Even if your husband had nothing, he still has an estate, even if that estate only consists of credit card debt.<br />
In my country, when you get a credit card, you have to take out a mandatory insurance policy which will cover your credit card debt when you die. When my dad died, I informed his credit card company and surprise, surprise, they told me that the insurance only covers people up to the age of 69 and if the person is 70, as in my dads case, the insurance was void and the estate would have to pay for it. After speaking to a few lawyers, I found and easy solution, divvy up the estate so that its value can not pay the bill, take the proof of this to the master of the high court and have the estate dclared insolvent, then the credit card company or bank has no choice but to write off the debt. Like I said, this is what works in my country, so speak to lawyer, it may work for you too, especially since the estate has nothing but debt.
I'd find out from a lawyer before I'd give them a cent .
I am no lawyer but i think if he left no estate and your name was not on the cards that you don't have a legal obligation to pay them. They will probably want a copy of his death certificate and will also probably send you a statement that will require you to list his unpaid credit card bills as income when you file his income taxes. that is what they did when my sister died. It's just their petty way of screwing with the families of people who have the audacity to die without paying their credit card bills, since they actually gain nothing by the practice.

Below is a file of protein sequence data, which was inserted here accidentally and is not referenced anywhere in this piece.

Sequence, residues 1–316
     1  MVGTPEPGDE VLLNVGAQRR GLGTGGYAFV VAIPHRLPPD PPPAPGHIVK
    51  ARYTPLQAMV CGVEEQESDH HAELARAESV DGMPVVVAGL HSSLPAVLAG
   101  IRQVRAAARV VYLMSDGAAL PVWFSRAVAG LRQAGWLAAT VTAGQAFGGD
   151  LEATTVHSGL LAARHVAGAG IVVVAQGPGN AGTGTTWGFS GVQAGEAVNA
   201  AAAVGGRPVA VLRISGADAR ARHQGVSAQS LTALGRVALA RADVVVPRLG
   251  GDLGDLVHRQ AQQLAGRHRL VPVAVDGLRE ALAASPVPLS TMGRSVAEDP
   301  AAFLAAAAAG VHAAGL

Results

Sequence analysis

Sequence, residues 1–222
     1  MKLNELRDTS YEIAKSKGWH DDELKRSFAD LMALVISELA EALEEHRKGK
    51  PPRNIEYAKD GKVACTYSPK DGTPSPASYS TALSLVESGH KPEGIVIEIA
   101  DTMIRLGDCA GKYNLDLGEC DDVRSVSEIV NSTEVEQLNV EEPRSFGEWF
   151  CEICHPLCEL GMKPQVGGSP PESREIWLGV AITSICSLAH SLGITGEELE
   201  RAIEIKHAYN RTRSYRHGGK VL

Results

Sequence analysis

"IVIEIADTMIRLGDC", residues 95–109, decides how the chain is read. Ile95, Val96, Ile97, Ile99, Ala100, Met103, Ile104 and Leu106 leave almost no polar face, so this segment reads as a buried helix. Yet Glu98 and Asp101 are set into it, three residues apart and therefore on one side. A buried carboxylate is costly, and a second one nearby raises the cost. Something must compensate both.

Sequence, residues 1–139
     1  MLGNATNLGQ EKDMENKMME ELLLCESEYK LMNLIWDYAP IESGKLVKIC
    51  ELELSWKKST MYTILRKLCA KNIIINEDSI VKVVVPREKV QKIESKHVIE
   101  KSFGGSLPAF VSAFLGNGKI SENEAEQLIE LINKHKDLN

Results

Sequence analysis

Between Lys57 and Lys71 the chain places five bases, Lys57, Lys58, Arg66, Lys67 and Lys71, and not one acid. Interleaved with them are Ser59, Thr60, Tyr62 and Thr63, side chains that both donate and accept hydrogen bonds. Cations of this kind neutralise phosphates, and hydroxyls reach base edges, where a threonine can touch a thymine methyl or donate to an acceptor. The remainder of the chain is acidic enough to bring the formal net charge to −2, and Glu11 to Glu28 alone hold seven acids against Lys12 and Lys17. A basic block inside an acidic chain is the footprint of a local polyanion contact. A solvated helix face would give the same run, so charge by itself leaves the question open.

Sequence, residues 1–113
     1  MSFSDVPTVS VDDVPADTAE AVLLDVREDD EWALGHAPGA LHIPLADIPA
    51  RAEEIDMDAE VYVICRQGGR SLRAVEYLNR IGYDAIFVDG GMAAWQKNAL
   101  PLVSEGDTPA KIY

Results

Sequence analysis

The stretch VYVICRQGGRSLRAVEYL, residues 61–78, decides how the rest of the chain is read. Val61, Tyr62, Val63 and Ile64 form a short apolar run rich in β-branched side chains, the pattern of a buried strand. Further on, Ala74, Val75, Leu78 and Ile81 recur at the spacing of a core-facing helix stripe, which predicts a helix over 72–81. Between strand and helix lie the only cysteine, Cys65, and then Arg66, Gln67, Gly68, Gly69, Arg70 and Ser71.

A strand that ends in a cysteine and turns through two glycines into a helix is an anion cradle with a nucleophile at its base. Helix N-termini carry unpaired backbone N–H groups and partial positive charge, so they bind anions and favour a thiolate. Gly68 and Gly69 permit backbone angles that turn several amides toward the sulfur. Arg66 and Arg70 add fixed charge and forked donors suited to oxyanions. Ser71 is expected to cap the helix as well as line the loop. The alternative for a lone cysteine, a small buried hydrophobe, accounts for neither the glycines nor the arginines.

I disagree with the posters who say you have to pay for them....It probably depends on where you live, but here, in the midwest United States, my husband opened a credit card, just his name on it, then, being irresponsibile, over-extended his credit, and stopped paying his bill....Collectors called the house, and tried to say that I owed it, too...I told them that my name was not on them, and that I didn't agree to any of the terms and did not sign anything....so they corrected it, and stopped calling.
You are not personally responsible for that debt, but they can take the money from his "estate" (any life insurance, assets, etc).
When my husband died, there was nearly $6million in medical debt. We never signed my name when he was admitted into the hospital. No debtors came to probate so the attorney sent letters to the collectors asking them to state if I was responsible for that debt. No one replied. I was not responsible for my husbands debt in his name only.
When my husband died he had a lot of credit card debt too. Some cards where insured and some were not. I had to pay the ones that were not.
Where I live, credit card debt is supposed to be insured. If it turns out that you DO have to pay his debt, make sure you pay only the outstanding principal. Don't pay any more interest. You need an accountant, a lawyer, or a debt counsellor to help you with this.
As Caliper stated; get a lawyer and you may even be able to find legal advice from public advocates for free. explore all your options and remmeber that you sould be able to repay the debt according to what you can afford. if you have problems trying to find good legal councel, or need help finding where to start, contact or go to your congressman's office and they will help you.
No you don't. Not if there's no estate. I'm going through it right now. If he have joint accounts, get his name off of them. My lawyer told me that to establish an estate (wrongful death lawsuit) costs a lot of money. About $6000. Just for me to collect a settlement. If that happens the credit card companies are informed and can file a claim.